Conclusions

This study found that WeChat users may have better sleep quality in subjective quality of sleep, sleep latency, use of sleeping medication, daytime dysfunction, and global PSQI among undergraduates than non-WeChat users. This study is the first study to investigate the influence of WeChat on the sleep quality of undergraduates in China and that provides a workable framework for further exploration of the association between social media and sleeping problems particularly in China. This study suggests that social media (e.g., WeChat) can be used for health promotion to improve sleep or health related behaviors (such as exercise and eating habits). This research study holds significance for researchers and practitioners in health education and health promotion as it might provide suggestion for building prevention programs. To determine causal relationships, further longitudinal studies will be required to test for the association between WeChat users and sleep quality.

Declarations

Authors’ contributions

XX was responsible for literature searches, the interpretation of the results, and writing the manuscript. XX and YZ participated in the development of the study protocol, data collection, and analysis. XX, QL, YZ, RZ, MS contributed to the drafting of the manuscript. YZ was responsible for the conception of the study and overall supervision of the data collection and analysis, the interpretation of the results, and manuscript preparation. All authors read and approved the final manuscript.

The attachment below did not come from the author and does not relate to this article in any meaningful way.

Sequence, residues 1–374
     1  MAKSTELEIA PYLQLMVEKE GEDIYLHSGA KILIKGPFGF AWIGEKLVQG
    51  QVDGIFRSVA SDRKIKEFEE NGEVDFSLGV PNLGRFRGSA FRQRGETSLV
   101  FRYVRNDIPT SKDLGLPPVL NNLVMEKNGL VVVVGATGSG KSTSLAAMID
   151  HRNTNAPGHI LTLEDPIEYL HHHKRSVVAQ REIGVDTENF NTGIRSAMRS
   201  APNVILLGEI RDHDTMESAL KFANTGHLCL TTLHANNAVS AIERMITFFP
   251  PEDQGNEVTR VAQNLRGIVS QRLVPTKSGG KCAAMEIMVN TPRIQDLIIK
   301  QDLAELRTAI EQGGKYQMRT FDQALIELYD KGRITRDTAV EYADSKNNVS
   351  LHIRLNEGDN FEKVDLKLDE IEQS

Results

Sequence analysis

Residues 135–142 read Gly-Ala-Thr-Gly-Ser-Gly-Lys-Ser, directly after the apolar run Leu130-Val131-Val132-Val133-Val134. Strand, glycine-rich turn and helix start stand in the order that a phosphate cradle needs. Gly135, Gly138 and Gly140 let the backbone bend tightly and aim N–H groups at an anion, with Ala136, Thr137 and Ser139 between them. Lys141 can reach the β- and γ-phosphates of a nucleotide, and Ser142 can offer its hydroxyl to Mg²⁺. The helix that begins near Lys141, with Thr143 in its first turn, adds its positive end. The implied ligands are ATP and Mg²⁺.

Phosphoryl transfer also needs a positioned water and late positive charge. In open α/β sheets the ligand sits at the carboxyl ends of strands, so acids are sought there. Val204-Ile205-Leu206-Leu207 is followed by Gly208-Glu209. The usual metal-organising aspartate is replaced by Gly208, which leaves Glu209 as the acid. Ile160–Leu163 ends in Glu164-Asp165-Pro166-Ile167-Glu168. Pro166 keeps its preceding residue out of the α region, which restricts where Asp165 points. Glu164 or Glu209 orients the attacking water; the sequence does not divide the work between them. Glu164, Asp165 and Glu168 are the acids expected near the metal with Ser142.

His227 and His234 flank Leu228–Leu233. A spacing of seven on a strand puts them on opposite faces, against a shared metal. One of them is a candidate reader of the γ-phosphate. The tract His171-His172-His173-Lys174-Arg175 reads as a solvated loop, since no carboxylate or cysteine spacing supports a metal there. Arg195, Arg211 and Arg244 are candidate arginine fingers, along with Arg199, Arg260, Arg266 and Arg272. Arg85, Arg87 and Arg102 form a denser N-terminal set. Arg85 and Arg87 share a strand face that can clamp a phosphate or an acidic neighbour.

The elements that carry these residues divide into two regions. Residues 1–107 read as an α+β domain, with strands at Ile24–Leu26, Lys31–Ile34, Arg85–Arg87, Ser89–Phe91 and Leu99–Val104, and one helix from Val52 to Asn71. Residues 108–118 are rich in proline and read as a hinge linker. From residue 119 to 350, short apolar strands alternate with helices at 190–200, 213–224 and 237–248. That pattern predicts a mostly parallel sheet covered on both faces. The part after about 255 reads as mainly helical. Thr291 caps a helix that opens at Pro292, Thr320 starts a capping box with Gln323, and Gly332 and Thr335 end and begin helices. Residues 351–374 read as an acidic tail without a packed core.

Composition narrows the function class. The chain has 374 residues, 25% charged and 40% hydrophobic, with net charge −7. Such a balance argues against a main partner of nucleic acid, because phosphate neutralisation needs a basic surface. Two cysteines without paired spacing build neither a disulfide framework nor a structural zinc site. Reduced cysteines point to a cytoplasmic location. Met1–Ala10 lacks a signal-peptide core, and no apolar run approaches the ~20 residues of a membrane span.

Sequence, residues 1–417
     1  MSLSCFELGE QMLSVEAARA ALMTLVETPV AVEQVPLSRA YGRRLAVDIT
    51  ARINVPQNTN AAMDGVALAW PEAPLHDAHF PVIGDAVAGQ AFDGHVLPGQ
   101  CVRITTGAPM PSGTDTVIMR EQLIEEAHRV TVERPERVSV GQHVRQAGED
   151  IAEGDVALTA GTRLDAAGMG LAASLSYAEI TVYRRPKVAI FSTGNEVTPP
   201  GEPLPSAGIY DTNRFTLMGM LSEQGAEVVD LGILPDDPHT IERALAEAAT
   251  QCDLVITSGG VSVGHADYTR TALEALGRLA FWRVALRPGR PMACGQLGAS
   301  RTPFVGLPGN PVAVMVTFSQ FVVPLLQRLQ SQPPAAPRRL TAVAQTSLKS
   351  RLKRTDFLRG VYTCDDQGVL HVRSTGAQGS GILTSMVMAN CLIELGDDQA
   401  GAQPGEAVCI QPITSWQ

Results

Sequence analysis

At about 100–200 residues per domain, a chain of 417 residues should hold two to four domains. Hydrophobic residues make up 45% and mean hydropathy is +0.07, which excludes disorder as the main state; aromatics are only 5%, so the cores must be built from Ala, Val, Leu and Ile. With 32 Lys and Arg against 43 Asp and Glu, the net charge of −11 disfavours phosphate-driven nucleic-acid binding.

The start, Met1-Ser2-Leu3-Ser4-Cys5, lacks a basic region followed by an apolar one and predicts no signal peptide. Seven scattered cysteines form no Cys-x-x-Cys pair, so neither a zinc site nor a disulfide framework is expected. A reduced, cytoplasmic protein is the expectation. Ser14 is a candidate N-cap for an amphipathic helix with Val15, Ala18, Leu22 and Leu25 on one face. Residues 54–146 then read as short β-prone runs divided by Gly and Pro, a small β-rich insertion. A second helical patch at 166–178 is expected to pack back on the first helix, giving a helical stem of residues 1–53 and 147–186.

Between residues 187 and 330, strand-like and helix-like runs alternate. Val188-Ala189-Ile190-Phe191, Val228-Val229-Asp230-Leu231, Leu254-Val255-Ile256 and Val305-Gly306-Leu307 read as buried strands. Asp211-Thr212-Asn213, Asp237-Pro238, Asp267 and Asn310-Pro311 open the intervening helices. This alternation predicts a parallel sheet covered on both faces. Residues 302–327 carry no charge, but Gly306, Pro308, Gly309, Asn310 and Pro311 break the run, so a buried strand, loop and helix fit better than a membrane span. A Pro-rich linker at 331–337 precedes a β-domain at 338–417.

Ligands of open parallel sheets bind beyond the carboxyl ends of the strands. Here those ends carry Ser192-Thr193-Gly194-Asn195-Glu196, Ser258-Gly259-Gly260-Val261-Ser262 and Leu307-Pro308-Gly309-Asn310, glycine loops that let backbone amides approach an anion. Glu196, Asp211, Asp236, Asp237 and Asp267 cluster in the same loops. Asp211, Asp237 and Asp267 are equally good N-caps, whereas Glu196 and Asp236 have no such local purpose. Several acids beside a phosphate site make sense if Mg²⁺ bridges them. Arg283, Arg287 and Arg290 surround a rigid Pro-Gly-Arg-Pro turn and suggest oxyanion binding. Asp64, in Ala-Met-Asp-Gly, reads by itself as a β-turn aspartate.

Acknowledgements

This study was funded by Pilot Study of Intervention to Improve Well-being of Residents by Microblog (Chongqing Social-scientific Plan Project (cultivation), Project No: 2013PYSH04), Summer Social Practice Project of School of Public Health and Management, Chongqing Medical University. The study sponsor had no role in study design. Thanks Wenjing Zhou, Qian Zhang, Xiaofang Yang, Yizhou Long, Jia Wang, Long Qin, Wenqi Xiong, Xingyan Li, Haixiao Chen in Chongqing Medical University for their active participation.

Competing interests

The authors declare that they have no competing interests.

Open AccessThis article is distributed under the terms of the Creative Commons Attribution 4.0 International License (http://creativecommons.org/licenses/by/4.0/), which permits unrestricted use, distribution, and reproduction in any medium, provided you give appropriate credit to the original author(s) and the source, provide a link to the Creative Commons license, and indicate if changes were made.

Authors’ Affiliations

(1)
School of Public Health and Management, Chongqing Medical University
(2)
Research Center for Medicine and Social Development, Chongqing Medical University
(3)
Collaborative Innovation Center of Social Risks Governance in Health, Chongqing Medical University
(4)
School of the Second Clinical, Chongqing Medical University
(5)
Department of Behavioral and Environmental Health, Jackson State University